Denial and Blackouts: A Vicious Cycle

26 October 2016

Blackouts are drug-related amnesia. Binge drinking can lead to memory loss and make it difficult to form new memories. Someone in a blackout might turn into an incoherent version of Dory from Finding Nemo who won’t stop repeating the same phrase, but a lot of the time it is difficult to tell if someone is blacked out. They may appear coherent and less intoxicated than they actually are, but they will forget all about their promise to hike the Appalachian Trail with you next summer. The ability to store new short- and long-term memories is inhibited during a blackout.

Metaphorically, what happens in a citywide blackout is the opposite of a drug-related blackout. In an electrical outage, the lights are out and people are home. In a drunken amnesia, the lights are on but no one is home. Like that scene in Home Alone where Kevin McCallister uses props to make it look like his family was at home partying, everything a blacked out person is doing seems normal but they aren’t saving those memories. This kind of memory failure is called a complete or en-bloc blackout. Then there are “brownouts” where the drinker remembers only fragments of their drunken antics.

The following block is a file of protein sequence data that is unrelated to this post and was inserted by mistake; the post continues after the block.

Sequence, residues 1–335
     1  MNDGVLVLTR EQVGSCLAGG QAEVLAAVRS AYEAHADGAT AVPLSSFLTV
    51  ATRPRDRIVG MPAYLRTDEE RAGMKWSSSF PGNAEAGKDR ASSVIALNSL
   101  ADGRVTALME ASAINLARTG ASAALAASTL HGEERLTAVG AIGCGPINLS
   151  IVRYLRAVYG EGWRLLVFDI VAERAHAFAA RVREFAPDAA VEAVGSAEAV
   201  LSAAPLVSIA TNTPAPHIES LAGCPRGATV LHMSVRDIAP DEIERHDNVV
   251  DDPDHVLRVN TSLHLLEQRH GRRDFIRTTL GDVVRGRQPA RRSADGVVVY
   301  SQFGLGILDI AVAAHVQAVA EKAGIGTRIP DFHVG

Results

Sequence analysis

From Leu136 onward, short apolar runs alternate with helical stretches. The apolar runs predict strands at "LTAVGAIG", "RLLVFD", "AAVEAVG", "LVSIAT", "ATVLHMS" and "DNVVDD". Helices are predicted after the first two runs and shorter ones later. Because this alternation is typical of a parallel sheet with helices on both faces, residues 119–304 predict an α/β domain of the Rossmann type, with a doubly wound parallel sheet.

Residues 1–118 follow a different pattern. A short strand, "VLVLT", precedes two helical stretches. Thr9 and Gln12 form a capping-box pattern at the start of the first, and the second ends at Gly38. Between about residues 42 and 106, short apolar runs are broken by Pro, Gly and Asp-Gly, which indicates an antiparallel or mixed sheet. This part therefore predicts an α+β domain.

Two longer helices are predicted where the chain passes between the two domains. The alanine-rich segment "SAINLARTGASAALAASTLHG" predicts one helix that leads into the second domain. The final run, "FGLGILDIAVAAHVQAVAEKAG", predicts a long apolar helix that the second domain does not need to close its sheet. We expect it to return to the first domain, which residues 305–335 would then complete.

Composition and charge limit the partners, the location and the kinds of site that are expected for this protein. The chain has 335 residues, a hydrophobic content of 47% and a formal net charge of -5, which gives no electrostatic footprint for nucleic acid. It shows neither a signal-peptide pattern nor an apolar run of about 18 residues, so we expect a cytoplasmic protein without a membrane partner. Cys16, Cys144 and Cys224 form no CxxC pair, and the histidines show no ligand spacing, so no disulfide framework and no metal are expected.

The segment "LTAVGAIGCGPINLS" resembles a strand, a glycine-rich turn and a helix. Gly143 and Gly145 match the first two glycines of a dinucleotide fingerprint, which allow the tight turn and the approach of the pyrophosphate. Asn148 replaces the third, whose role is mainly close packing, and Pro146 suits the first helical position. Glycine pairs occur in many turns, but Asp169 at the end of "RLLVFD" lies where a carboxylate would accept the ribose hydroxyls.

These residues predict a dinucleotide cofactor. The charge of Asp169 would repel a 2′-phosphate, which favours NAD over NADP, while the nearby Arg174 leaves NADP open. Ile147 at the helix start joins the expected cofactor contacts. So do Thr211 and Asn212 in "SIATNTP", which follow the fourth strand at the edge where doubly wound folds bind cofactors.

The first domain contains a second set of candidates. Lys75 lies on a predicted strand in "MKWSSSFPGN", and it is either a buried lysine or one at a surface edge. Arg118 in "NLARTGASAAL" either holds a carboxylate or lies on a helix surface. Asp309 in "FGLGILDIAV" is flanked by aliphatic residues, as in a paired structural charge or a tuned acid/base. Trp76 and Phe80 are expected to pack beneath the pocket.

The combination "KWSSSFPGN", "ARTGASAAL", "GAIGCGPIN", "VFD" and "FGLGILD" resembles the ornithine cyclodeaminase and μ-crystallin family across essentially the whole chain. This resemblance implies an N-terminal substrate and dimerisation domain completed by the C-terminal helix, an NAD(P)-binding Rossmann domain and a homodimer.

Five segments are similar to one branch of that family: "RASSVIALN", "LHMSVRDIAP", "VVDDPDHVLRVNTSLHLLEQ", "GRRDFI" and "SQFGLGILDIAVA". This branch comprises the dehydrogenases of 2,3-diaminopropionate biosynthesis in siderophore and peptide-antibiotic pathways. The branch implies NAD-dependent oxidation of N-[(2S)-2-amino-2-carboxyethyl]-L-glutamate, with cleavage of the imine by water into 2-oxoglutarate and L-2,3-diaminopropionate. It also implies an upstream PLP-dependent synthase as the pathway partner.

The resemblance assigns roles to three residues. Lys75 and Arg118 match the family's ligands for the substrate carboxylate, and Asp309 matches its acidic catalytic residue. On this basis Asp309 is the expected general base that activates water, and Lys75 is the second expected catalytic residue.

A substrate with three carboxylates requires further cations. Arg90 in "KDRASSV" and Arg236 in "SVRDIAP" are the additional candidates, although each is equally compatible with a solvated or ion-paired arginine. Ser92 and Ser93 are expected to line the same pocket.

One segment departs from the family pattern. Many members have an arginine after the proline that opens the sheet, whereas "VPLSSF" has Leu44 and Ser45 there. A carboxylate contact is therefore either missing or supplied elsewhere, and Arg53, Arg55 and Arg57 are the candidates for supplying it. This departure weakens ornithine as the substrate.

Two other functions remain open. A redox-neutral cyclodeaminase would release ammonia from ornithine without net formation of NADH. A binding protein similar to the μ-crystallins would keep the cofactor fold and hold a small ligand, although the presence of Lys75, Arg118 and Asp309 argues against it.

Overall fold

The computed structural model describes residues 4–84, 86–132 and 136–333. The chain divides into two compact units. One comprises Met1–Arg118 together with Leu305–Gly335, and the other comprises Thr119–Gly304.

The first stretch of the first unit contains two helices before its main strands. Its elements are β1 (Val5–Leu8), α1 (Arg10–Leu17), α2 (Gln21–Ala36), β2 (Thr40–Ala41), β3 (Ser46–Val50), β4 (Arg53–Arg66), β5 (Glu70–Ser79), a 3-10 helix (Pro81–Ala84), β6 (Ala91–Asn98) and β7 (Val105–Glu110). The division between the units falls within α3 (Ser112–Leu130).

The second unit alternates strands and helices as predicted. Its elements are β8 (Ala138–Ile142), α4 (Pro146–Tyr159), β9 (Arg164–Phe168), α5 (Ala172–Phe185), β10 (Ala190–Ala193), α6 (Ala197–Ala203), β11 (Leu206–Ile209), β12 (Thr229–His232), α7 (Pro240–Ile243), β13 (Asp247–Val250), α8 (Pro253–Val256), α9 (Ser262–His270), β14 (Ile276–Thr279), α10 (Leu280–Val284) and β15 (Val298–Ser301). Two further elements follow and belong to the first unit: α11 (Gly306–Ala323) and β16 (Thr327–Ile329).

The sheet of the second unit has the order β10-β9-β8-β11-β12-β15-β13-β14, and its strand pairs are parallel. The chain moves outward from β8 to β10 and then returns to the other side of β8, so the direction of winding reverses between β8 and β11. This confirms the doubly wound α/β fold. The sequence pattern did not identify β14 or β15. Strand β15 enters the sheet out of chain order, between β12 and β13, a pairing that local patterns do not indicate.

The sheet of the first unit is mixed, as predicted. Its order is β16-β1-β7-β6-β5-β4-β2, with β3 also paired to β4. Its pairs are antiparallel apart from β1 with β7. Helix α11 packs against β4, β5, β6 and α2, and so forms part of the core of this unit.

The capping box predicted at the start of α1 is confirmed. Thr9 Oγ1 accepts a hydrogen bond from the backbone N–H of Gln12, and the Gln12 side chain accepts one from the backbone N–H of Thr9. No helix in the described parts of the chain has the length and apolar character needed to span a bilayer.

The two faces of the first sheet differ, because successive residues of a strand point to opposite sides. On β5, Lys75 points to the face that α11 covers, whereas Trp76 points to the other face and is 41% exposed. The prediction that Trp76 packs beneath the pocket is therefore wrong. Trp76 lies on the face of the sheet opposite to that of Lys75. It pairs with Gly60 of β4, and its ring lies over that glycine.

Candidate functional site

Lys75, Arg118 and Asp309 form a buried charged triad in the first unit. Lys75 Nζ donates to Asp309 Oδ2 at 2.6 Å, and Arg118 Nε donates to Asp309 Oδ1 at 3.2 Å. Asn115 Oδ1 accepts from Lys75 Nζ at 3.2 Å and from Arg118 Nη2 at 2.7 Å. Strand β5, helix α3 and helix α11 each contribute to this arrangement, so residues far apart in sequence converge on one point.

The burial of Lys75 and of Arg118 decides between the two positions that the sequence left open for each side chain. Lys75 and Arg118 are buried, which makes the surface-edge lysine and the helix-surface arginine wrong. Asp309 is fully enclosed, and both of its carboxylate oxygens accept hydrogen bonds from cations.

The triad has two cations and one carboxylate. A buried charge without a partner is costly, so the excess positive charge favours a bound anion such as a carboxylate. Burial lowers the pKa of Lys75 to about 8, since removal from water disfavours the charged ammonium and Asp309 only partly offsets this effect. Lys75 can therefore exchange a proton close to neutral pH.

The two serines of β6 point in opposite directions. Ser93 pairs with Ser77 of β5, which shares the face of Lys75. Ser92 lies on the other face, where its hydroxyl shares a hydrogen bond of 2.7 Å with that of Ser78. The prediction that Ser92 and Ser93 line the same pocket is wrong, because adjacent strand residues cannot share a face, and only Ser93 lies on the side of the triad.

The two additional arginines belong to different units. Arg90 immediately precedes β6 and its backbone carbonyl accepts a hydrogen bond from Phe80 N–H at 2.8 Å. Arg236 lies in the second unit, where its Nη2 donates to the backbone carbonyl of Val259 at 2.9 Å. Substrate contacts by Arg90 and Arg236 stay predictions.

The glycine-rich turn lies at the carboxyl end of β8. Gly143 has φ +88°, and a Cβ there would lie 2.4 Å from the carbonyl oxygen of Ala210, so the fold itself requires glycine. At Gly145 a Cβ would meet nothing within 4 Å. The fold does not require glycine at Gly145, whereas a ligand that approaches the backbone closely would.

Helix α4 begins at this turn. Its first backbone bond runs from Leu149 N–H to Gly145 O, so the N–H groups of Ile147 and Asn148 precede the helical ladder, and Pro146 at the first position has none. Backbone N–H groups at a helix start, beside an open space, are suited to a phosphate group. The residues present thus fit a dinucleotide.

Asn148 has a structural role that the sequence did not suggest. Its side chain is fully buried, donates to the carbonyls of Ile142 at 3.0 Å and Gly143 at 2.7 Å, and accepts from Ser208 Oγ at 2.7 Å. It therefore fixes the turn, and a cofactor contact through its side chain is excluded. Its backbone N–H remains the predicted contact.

A blackout is not the same as passing out. When someone passes out, they lose consciousness or fall asleep. Someone in a blackout is conscious and can do all the same things they could do if they were not blacked out. The difference between a non-blackout drunk and a blackout drunk is that the latter won’t remember anything the next day.

This is an exerpt, continue reading on The Fix

Kristance Harlow

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